There may be days when you feel tired or run down, but you want to stay committed to your workout regimen, or build muscle faster, or maybe try the newest fad in fitness. That is what pre-workout supplements are for.
The substance—made up of 200–500 mg of caffeine, 5 g of branched-chain amino acids, 5 g of beta-alanine and 5 g of creatine monohydrate—is said to help build strength, stamina, and increase the potential for muscle building and fat loss.
There are many different pre-workout supplements out there. Sean Menezes, a personal trainer at the RAWC, said, “I don’t like taking supplements (except whey protein isolate on tough resistance training days) because I don’t like dependence.”
“I like being able to wake up in the morning, put on my gym clothes, grab some water, and have the mental capacity to push myself without stimulants,” he added.
Fourth-year anthropology student Jasmine Javed uses pre-workout supplements to enhance her overall workout. She uses a creatine-free supplement called Cardio Cuts. “I believe there’s a significant difference between using pre-workout as opposed to not using it,” she said. “When I don’t use Cardio Cuts, I don’t feel as energized or as motivated to work out. However, when I do take my pre-workout supplement, I feel that the overall quality of my workout performance is improved. I can undergo a longer workout session without feeling overworked. Also, I feel that my energy has been increased by a certain amount of time.”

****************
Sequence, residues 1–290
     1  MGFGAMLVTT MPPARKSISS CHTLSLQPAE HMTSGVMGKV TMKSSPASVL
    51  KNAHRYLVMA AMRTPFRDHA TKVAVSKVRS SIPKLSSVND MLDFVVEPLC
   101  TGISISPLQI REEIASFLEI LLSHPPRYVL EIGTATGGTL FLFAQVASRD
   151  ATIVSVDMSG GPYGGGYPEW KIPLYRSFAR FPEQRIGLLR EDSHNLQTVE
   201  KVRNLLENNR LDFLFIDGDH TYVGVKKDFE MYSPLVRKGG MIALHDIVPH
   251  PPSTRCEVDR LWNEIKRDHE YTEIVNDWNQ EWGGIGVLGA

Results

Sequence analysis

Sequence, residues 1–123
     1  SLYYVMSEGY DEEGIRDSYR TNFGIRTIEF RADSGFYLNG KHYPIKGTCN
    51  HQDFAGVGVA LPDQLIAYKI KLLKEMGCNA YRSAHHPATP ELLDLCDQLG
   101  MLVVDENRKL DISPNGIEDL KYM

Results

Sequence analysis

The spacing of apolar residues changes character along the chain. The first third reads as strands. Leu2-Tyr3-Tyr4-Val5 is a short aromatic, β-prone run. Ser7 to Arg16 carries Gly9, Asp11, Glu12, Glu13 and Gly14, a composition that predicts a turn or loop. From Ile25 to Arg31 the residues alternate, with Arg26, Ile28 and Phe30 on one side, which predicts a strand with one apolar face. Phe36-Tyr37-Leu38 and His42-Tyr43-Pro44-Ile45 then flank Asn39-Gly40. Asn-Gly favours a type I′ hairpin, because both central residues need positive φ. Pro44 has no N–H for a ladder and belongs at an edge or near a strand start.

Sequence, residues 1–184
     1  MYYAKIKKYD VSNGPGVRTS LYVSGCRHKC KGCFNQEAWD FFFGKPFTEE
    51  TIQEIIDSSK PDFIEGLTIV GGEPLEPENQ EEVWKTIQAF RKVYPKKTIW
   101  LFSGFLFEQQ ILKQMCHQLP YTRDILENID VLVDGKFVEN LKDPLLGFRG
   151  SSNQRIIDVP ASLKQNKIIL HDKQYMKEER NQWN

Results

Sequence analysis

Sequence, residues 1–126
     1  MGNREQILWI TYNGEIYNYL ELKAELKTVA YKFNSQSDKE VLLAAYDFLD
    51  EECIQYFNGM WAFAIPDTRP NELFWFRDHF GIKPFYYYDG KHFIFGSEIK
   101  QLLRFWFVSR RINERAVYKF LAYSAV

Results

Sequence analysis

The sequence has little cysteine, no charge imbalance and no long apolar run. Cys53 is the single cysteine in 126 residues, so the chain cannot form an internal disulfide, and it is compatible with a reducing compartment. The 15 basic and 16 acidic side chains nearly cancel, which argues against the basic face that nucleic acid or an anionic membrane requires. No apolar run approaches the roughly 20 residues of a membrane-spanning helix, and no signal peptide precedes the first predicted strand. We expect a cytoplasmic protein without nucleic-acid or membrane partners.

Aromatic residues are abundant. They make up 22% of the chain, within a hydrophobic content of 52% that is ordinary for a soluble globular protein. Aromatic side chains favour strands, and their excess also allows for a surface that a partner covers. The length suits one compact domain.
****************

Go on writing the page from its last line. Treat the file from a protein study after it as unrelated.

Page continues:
However, while there are good effects of using pre-workout supplements, such as muscle development, she highlights the adverse side effects. “The most noticeable side effect is the increased heart rate; it does take some time for your heart rate to return to its normal pace. This can trigger feelings of anxiety, dehydration, and restlessness,” said Javed.
Third-year chemistry major and avid weightlifter Mohammed Musleh uses a high dose of creatine to help supply the muscles. “I take C4 because it doesn’t agitate my stomach, and it’s a good pre-workout to start with,” he says.
Musleh expands on the effects of the pre-workout, saying, “I noticed that when I started, I was more energetic and more motivated to work out. But now I’m off it, and while I still work as hard as I did before, I tire out much faster.”
For those who are interested in muscle-building, he says, “The positive part of C4 is that you can lift at longer intervals, and you have more energy.”
Musleh says that while there are good things that happen when you use the pre-workout, there are also some elements you need to be aware of. “There is a dip in energy and even a bit in strength once you cycle off the supplement. You should make sure not to use the pre-workout supplement for too long, because supplementing all those nutrients for more than two months is not good for you.”
Menezes cautions people against using the pre-workout supplements, because “while there is no doubt that pre-workout will give you an extra edge or a boost to your workout, over time you might build a dependence on it”.
“Without it, you might not feel as strong, or willing enough to work out,” he said, adding that the dependence would also cost someone financially.
A pre-workout supplement does have its benefits, but before using any of them for any reason, one should research all the side effects and be careful about prolonged use. Overall, pre-workout supplements are not necessary for the healthy maintenance and growth of muscles. Fill your body with carbs and natural energy sources like vegetables and meat before, and your workouts will find consistency. You’ll feel great without the side effects—push away the bad habit.